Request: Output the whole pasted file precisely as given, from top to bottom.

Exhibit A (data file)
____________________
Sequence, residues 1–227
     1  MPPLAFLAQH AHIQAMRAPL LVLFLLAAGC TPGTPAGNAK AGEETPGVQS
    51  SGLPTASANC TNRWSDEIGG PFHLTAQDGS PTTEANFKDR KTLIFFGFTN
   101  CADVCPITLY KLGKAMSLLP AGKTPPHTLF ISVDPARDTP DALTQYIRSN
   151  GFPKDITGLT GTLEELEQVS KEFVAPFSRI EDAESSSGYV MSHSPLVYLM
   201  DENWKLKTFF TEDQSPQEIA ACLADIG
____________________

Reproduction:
Sequence, residues 1–227
     1  MPPLAFLAQH AHIQAMRAPL LVLFLLAAGC TPGTPAGNAK AGEETPGVQS
    51  SGLPTASANC TNRWSDEIGG PFHLTAQDGS PTTEANFKDR KTLIFFGFTN
   101  CADVCPITLY KLGKAMSLLP AGKTPPHTLF ISVDPARDTP DALTQYIRSN
   151  GFPKDITGLT GTLEELEQVS KEFVAPFSRI EDAESSSGYV MSHSPLVYLM
   201  DENWKLKTFF TEDQSPQEIA ACLADIG